Center for Interdisciplinary and Intercultural Studies

Tübingen International Fall School on Facets of Aging

Perspectives from Neuroscience and Humanities

Monday, December 5th, 2016, FORUM SCIENTIARUM

Tübingen International Fall School 2016 is a joint venture of FORUM SCIENTIARUM and the Werner Reichardt Centre for Integrative Neuroscience (CIN) at the University of Tübingen.

Topic

We grow older than ever before in human history: people born today can expect a lifespan greater than a century. But where the individual sees promises of a long life, our society faces a fundamental transition - and we are only beginning to perceive its effects. Moreover, old age is associated with worries and fears. So it comes as no surprise that the public discourse on aging is also a discourse of crisis. Science, art and philosophy are starting to make a convincing case that the process of aging can be adequately described, perhaps not only as a mere degeneration, but as a transformation. The organisms and their brains constantly adapt, allowing us not only to compensate age-related decline but also to draw on formerly unavailable capabilities. Society as a whole could put this specific potential in the ever-increasing number of elderly people to constructive use.

In this year's fall school we seek to open up the exchange between biological sciences and neuroscience, and insights from the humanities to explore these various facets of aging.

Faculty

Prof. Dr. Philipp Kahle, Tübingen
Philipp Kahle is a biochemist and heads the Laboratory of Functional Neurogenetics in the Department of Neurodegeneration at the Hertie Institute for Clinical Brain Research and German Center for Neurodegenerative Diseases in Tübingen. He is interested in the molecular and cellular mechanisms of age-related neurodegenerative diseases, such as Parkinson’s disease and dementia.

PD Dr. Axel Lindner, Neurowissenschaften, CIN

Dr. Martina Schmidhuber, Nürnberg
Martina Schmidhuber is Research Fellow at the Institute for History of Medicine and Medical Ethics and Fellow in the Emerging Fields Project Human Rights in Healthcare at the University of Erlangen-Nürnberg, Germany.

Dr. Dario Riccardo Valenzano, Cologne
Dario Riccardo Valenzano is a Max Planck Research Group Leader at the Max Planck Institute for Biology of Ageing and at the CECAD cluster of excellence in Cologne, Germany. His research is focused on discovering the evolutionary genomic bases of lifespan differences in wild species.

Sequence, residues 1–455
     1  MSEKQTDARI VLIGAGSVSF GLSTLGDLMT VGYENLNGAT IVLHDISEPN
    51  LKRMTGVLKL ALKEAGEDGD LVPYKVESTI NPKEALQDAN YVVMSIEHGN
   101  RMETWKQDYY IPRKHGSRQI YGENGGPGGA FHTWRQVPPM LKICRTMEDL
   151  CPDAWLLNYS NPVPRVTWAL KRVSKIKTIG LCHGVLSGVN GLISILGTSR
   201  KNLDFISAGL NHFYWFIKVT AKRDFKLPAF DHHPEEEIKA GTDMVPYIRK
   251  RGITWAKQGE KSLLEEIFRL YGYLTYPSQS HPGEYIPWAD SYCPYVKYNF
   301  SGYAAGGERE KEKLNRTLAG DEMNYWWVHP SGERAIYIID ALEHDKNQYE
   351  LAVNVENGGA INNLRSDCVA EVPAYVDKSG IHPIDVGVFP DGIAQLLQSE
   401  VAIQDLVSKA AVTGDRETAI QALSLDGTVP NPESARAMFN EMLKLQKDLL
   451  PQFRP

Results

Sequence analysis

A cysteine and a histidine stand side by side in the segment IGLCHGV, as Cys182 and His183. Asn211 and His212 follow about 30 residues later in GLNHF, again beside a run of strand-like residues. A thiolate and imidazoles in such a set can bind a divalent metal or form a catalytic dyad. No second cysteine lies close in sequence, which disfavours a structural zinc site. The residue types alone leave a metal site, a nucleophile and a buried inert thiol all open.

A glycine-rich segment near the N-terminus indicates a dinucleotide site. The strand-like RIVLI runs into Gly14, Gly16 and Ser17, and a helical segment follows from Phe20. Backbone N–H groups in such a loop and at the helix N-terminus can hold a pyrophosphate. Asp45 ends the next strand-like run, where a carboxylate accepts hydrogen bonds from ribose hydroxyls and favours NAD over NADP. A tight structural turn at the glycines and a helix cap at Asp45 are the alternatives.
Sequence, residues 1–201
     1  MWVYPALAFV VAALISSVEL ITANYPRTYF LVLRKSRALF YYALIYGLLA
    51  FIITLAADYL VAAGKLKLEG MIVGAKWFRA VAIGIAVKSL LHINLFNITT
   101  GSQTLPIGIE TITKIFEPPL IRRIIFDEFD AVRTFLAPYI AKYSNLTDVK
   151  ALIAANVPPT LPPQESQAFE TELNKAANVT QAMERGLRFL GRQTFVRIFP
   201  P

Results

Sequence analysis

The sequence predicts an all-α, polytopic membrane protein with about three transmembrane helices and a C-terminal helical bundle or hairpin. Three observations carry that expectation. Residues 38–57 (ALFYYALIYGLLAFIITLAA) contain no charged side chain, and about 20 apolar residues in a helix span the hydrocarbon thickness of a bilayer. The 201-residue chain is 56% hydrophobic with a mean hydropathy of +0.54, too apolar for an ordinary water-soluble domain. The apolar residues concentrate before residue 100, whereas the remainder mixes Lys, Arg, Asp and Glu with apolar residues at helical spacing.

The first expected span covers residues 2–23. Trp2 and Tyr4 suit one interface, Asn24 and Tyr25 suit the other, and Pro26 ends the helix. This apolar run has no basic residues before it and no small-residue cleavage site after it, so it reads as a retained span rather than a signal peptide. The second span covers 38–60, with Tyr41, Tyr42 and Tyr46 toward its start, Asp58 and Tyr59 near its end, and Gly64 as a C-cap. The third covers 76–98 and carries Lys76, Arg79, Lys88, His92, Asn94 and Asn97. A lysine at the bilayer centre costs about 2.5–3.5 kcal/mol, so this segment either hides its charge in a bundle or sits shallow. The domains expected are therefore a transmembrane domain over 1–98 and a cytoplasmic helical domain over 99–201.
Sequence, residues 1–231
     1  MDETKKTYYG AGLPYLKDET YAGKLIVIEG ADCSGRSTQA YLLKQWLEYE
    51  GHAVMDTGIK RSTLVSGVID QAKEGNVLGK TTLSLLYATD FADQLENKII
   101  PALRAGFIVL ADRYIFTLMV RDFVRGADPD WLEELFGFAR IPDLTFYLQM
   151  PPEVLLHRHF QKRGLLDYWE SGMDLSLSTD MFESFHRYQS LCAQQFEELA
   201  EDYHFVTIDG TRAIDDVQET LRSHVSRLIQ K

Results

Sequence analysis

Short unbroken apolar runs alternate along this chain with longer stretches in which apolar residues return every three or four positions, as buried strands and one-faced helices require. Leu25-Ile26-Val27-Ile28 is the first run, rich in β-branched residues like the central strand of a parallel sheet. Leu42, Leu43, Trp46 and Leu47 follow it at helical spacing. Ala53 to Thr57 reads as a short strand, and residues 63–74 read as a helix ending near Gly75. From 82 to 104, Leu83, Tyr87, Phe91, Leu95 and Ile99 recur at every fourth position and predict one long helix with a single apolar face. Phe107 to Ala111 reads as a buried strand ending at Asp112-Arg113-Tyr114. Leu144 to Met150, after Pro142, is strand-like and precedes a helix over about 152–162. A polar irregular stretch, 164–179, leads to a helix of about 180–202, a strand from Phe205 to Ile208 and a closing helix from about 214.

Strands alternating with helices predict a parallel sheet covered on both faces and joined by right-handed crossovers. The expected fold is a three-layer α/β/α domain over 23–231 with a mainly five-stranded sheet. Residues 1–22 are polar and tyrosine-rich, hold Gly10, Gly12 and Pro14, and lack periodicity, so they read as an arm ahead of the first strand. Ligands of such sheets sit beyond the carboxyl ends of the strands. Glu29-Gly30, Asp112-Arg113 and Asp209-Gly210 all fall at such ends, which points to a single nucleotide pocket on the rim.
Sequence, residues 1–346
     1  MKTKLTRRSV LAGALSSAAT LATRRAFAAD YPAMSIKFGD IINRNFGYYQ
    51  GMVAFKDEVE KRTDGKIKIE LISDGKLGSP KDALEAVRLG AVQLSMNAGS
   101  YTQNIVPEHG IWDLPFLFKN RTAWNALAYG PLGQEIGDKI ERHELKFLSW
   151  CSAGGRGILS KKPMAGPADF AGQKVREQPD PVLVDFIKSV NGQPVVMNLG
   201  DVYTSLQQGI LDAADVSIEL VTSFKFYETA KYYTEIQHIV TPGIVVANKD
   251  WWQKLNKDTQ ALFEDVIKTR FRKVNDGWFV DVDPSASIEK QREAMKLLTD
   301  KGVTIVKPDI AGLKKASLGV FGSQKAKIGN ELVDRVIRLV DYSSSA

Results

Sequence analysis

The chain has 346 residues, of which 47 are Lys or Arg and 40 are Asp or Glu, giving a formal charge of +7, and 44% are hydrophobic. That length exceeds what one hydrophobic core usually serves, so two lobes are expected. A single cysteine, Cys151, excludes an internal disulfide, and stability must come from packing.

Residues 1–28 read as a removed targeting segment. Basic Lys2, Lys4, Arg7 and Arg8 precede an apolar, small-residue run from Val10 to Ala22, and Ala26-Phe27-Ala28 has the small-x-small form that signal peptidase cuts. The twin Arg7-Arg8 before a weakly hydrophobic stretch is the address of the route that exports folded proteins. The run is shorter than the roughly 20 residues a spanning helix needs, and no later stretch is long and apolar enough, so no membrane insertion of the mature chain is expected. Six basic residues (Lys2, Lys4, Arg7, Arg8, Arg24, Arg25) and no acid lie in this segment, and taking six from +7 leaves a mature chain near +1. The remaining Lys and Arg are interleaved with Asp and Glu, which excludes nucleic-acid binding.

How to apply

The fall school is aimed at advanced undergraduate students and graduate students working in neurobiology, neuroscience, medicine psychology, humanities, and other relevant disciplines.

There are no participation fees to be paid, although traveling costs and beverages have to be covered by the participants.
For participation you only need to submit a → registration form (docx)

Participants from outside Tübingen are invited to apply for a stipend covering accommodation expenses.
For your application for the stipend please do submit:

Applications should be sent to infospam prevention@fsci.uni-tuebingen.de or to our postal address:
FORUM SCIENTIARUM, Doblerstr. 33, 72074 Tübingen, Germany

DEADLINE FOR APPLICATION: November 15th, 2016.

Program

8.30 am
Welcome by CIN & Forum Scientiarum and Introduction of Participants

9.00 am - 10.30 am
Dr. Philipp Kahle, Hertie-Institut, Tübingen, Germany:
"Biology of Aging in Health and Disease"

10.30 am - 11.00 am Coffee

11.00 am - 12.30 am
Dr. Dario Valenzano, Max Planck Institute for Biology of Ageing, Köln, Germany:
"Aging and the genome: an evolutionary geneticist's perspective"

12.30 am - 2 pm Lunch

2 pm - 3.30 pm
PD Dr. Axel Lindner, Neurowissenschaften, CIN
"Cognitive Aging - Clues from Neuroscience"

3.30 pm - 4.00 pm Coffee

4.00 pm - 5.30 pm
Dr. Martina Schmidhuber, Institute for History of Medicine and Medical Ethics, University of Erlangen-Nürnberg, Germany:
"Aging - Philosophical perspectives and aspects of medical ethics"

5.30 pm - 6 pm
Concluding Remarks & General Discussion

8pm Dinner & Social